PUC sets HELCO hearings

  • Hawaii Electric Light Co. workers hoist a utility pole on Feb. 11 that was snapped by high winds. (JOHN BURNETT/Tribune-Herald )

HILO — The state Public Utilities Commission has scheduled public hearings next week to determine whether a 3.4 percent rate increase for Hawaii Electric Light Co. is “fair and reasonable.”

The proposed rate hike stems from a required three-year review of rates to ensure that revenues for the utility are keeping up with costs, Jim Kelly, vice president for corporate relations for the parent company, Hawaiian Electric, said Wednesday.

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Among the costs that have increased for the Big Island utility is proactive vegetation management, he said. Keeping tree limbs, particularly those of albizia trees, off electric lines reduces outages and in the long run will save costs to repair them, he said.

“Every three years, the PUC looks at our expenses and our costs and determines whether what we are charging is a fair reflection of our costs,” Kelly said.

Part of the increase would also be used to fund grid modernization efforts, repairs to facilities damaged by the Kilauea eruption and increasing operation at power plants due to the loss of Puna Geothermal Venture, repairing and repowering the Waiau hydro plant, enhancing cybersecurity and equipment upgrades or repairs.

HELCO estimates the rate hike will generate $13.4 million in additional revenue. It would cost a typical residential customer using 500 kilowatt-hours of electricity another $8.21 per month. If approved, it’s expected to go into effect late this year.

The hearings are scheduled for 5 p.m. April 11 at the West Hawaii Civic Center and the same time April 12 at Aupuni Center in Hilo.

Written statements may also be mailed to: Public Utilities Commission, 465 South King St., Room No. 103 Honolulu, HI 96813 or email to puc.comments@hawaii.gov. All written statements should reference Docket No. 2018-0368.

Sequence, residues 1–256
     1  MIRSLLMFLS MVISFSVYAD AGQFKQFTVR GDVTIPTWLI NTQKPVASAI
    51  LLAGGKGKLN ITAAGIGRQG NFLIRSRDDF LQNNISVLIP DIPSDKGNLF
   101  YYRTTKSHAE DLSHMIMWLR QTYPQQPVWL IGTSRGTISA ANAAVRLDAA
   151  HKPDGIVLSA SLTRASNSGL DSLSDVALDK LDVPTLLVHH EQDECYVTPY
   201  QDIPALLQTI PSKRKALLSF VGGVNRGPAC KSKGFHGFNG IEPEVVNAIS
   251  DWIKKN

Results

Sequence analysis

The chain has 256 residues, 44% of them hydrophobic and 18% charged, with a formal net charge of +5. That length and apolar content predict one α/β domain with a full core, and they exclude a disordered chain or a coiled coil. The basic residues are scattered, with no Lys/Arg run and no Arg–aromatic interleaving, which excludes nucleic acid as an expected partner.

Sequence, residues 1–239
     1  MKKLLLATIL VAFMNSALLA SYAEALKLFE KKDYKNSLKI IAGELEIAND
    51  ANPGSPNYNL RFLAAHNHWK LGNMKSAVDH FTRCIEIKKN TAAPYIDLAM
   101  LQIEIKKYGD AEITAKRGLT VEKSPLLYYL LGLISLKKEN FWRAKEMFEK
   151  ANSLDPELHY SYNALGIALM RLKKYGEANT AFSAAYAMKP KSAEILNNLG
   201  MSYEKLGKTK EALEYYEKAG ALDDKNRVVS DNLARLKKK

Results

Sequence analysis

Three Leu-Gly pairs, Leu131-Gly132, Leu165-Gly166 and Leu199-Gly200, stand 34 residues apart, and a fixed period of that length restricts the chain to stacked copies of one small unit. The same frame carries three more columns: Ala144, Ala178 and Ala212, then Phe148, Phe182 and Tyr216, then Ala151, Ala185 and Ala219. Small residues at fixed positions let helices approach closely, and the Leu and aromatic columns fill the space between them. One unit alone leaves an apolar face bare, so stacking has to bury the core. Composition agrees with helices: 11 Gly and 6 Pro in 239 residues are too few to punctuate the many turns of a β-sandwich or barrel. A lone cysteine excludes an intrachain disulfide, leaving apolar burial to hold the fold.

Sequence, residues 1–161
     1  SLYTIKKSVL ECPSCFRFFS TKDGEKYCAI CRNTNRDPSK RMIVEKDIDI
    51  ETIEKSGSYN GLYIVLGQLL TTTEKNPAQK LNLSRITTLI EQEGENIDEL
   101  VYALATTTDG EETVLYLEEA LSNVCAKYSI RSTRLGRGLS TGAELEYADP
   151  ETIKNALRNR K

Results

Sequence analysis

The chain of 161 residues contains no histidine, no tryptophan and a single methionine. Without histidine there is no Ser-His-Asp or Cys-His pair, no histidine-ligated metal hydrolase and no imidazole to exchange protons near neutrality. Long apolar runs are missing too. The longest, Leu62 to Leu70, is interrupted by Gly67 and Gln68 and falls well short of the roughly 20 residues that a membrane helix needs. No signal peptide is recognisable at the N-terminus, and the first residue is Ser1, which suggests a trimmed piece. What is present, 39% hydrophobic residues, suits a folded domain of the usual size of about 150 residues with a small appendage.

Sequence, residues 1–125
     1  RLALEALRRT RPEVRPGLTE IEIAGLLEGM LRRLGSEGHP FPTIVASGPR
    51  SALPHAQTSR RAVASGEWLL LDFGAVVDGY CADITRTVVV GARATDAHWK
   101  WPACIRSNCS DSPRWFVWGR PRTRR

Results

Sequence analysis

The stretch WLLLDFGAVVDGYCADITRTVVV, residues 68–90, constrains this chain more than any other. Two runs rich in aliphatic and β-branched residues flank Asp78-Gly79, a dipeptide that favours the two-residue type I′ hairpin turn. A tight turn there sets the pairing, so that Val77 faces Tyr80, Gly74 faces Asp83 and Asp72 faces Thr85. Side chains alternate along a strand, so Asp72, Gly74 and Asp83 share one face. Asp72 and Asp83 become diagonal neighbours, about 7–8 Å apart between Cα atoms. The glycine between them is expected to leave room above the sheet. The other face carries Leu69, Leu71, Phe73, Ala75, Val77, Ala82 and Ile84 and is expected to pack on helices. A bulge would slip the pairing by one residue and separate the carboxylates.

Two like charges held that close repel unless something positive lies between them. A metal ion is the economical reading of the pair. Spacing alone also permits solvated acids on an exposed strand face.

HELCO serves 86,000 customers maintaining more than 3,600 miles of overhead electric lines, 68,000 poles and 67 substations. The utility operates two hydroelectric and five thermal generating stations while also integrating energy from five independent power producers and more than 12,000 private rooftop solar systems.

Another rate hike is likely to follow in short order, after the PUC last week approved an $86.3 million statewide electric grid modernization plan that will incorporate more renewable energy and improve reliability of the system.

The modernization plan will include more private rooftop solar, along with battery storage, smart meters and other advanced technologies.

Public hearings on the grid modernization plan were conducted in 2017, prior to its submittal to the PUC, Kelly said.

Members of the public who submitted input to the PUC file on the grid modernization plan (Docket No. 2018-0165) primarily offered detailed suggestions on procurement processes, public involvement and whether technology will be open-source and transparent.

“Life of the Land hopes that the new process is more than a name change, that the utility wants to be a conductor of a smooth-running orchestra, rather than being a conductor and simultaneously being several players competing against and drowning out other players,” Henry Curtis, vice president for consumer issues for the nonprofit that focuses on land and energy issues, said in comments to the commission.

“One of the keys is to make sure that all entities are aware of what data and what assumptions will be relied upon. It is important to identify these early, and to have a robust discussion around them,” Curtis said. “Even if all parties do not agree, having the dialogue is important.”

Will Rolston, former Hawaii County energy coordinator and now director of Energy Island, has also been accepted as an intervenor in the case. Rolston said it’s too early for detailed comments on the plan, but he believes transparency is important. The utility hires many consultants for the studies, which are renewed every five years, he said. It’s the utility’s responsibility to keep the rate-payer informed, he said.

“They’re getting lots of consultants coming in that the rate-payers are paying for,” Rolston said. “It’s important for the rate-payer who’s actually carrying the cost to know who the consultant is and how much it cost.”

The cost of the first phase of the four-year plan for a typical residential customer on Oahu would be 24 cents a month; Maui, 34 cents; Molokai and Lanai, 27 cents; and Hawaii Island, 55 cents, according to a PUC press release.

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“We know the size of the electric bill is a concern for our customers, so we’re always looking for efficiencies and productivity improvements so we can provide service in the most cost-effective way,” said Kristen Okinaka, HELCO’s senior communications consultant. “The proposed increase will help pay for operating costs, including customer service enhancements, system upgrades and grid modernization to increase reliability and resilience, and to integrate higher levels of renewable energy.”

This article has been corrected to reflect that there are 68,000 poles on the Big Island.

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